Ok! I accept it’s been far too long since I’ve connected. Sincere
apologies….N then again in my defense it’s been far too long that I’ve had a 9
year old living with me.
½ a dozen Lessons of Life (re) Learned
That would be my nephew. He was super excited to spend his summer break with us. And so were we. It was his first visit to the Unites States and I wanted to leave no stone unturned to ensure a childhood imprint which would last a lifetime. So these past (close to) two months has been an ecstatic enthralling roller coaster ride of zoos, aquariums, nature and science museums, picnics and parks… and Oh! Yes roller coasters too!Did he leave with engraved memories which he will remember for years to come? Was his innocent and curious mind sufficiently inspired?
Well I dunno about that… only time will tell. For now; all I can say is; he surely left me with engraved memories which I will remember for years to come. And without a doubt his innocent and curious mind (more than) sufficiently inspired me.Here’s how.
Ask (many) questions
From the time he woke up to the time he knocked off; he asked questions. Why questions, what questions, how questions, questions which made sense to me and questions which made no sense to me. He asked them all. With the same earnestly and deliberation.
Lesson (re)learned: Somehow we stop asking as many questions as we grow up. We just accept. At times we accept things as they are without fully understanding why. At other times we accept injustice, bias, unfairness, prejudice, lies, abuse…. The list is endless. When to begin with, the first step to solving challenges lies in asking yourself or others some very crucial questions.
Touch someone today
Touch someone today
Every morning he’d run into my bedroom and hug me…sometimes gently as if not to wake me up and at times hysterically as if urging me to jumpstart the day ahead. Often, he held my hand as we’d walk down a museum aisle or he’d kiss my cheek excitedly and say thank you. Just when I thought he’s too well behaved to be a kid he’d run berserk and just do his thing. As I think back even though I was stretched and tired juggling many activities I was happier than I otherwise am handling less.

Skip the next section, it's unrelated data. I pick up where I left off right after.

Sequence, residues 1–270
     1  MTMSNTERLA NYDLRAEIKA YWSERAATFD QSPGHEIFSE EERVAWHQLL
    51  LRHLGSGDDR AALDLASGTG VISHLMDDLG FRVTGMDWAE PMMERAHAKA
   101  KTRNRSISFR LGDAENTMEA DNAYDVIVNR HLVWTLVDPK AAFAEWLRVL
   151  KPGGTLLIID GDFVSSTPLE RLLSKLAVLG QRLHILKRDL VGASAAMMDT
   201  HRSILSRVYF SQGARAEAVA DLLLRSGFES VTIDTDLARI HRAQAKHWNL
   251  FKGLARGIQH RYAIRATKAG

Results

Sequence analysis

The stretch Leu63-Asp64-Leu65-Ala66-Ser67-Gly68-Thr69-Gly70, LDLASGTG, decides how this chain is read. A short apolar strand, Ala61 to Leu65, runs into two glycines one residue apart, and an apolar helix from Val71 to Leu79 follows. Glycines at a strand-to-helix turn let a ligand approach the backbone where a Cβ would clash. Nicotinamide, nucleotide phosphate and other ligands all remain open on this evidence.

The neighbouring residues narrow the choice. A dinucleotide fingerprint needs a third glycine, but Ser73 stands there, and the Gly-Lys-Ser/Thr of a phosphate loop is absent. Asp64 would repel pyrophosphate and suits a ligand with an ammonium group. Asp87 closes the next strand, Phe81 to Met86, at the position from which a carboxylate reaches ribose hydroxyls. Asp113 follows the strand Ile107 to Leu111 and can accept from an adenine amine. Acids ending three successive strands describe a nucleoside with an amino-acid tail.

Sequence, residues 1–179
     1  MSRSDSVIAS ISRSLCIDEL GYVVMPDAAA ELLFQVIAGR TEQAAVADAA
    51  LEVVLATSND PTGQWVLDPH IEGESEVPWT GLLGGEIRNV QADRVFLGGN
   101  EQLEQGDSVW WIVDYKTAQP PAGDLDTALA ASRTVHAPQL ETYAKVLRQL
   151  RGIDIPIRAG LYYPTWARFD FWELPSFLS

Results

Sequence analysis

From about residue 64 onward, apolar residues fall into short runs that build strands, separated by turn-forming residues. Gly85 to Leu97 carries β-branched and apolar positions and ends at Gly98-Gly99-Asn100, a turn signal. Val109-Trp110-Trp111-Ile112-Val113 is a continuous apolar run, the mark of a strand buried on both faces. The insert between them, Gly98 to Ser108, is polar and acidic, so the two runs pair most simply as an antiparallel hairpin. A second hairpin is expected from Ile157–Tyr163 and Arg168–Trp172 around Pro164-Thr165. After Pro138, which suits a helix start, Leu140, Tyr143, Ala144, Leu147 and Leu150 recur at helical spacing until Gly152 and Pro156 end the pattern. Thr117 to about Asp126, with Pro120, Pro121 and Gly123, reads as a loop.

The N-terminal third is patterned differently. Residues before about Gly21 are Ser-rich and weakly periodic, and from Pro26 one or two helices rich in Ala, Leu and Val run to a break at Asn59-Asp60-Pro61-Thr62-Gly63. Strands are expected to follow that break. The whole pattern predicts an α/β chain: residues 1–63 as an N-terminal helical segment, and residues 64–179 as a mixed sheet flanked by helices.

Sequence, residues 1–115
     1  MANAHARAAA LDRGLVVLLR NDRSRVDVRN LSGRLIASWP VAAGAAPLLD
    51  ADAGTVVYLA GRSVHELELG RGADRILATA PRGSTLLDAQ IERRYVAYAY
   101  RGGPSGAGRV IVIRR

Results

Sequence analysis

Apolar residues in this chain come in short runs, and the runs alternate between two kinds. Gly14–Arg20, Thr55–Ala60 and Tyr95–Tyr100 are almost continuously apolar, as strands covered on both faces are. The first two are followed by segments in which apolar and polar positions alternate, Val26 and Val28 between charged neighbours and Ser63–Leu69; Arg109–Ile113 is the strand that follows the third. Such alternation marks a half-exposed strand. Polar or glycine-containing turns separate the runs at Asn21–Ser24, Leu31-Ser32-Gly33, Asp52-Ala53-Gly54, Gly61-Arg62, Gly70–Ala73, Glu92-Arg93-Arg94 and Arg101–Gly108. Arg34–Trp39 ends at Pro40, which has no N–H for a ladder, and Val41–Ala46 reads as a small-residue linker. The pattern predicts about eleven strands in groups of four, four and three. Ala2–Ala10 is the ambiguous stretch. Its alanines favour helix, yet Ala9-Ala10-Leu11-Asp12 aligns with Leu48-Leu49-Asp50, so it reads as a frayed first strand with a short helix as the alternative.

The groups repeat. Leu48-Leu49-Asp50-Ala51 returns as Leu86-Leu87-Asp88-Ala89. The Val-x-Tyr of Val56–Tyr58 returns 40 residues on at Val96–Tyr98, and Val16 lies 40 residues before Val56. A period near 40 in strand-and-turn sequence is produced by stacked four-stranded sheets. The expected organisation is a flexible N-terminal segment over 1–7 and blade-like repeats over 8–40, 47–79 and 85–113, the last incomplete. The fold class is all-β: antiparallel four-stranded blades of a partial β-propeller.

Lesson (re)learned: In today’s fast paced life it is perhaps actually possible to be "touch deprived." According to research physical affection has measurable health benefits. Stimulating touch receptors under the skin can lower blood pressure and cortisol levels, effectively reducing stress. And it doesn't matter if you're the toucher or touchee. The more you connect with others on even the smallest physical level (a hug, pat on the back even a friendly handshake) - the happier you'll be. Make it your goal to touch someone in some way every day – Please! In a non-creepy way of course!
Umpteen times during the day he’d love to knead the soft fleshy parts of my arms with his small bite sized hands. ‘I love this part’, he’d say. He’d hold me by the waist and it didn’t matter if I was 26, 28 or 30. His hugs were size-free and his love, unconditional.Lesson (re)learned: Now; I’m conscious of the slightly loose flab on my arms and an increase in dress size over the years. Haven’t really been regular with the gym and I’m just not used to seeing myself not as slim as before. Yet, he reminded me to love me for what I am first. Unconsciously I was sending signals to myself that I am not good enough…I will be though when I get back to my desired weight, I thought. Many a time we are so busy loving and pleasing others that we tend to forget to love ourselves. Or we somehow decide that we will when we get that much required job, get married, start a family, achieve this, that or the other. Come on; wake up and F.L.Y. – First love yourself.